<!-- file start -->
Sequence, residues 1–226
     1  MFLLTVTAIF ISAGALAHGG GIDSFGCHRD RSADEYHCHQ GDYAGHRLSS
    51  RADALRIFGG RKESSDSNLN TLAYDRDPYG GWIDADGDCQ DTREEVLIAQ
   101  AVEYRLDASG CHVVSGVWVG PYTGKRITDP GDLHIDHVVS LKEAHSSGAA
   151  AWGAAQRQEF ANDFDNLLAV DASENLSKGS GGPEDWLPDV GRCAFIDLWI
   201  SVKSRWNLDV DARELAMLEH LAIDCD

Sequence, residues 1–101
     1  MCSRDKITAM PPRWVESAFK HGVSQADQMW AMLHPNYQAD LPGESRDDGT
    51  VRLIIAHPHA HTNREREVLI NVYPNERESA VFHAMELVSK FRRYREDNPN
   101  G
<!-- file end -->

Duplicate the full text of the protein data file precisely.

Sequence, residues 1–226
     1  MFLLTVTAIF ISAGALAHGG GIDSFGCHRD RSADEYHCHQ GDYAGHRLSS
    51  RADALRIFGG RKESSDSNLN TLAYDRDPYG GWIDADGDCQ DTREEVLIAQ
   101  AVEYRLDASG CHVVSGVWVG PYTGKRITDP GDLHIDHVVS LKEAHSSGAA
   151  AWGAAQRQEF ANDFDNLLAV DASENLSKGS GGPEDWLPDV GRCAFIDLWI
   201  SVKSRWNLDV DARELAMLEH LAIDCD

Sequence, residues 1–101
     1  MCSRDKITAM PPRWVESAFK HGVSQADQMW AMLHPNYQAD LPGESRDDGT
    51  VRLIIAHPHA HTNREREVLI NVYPNERESA VFHAMELVSK FRRYREDNPN
   101  G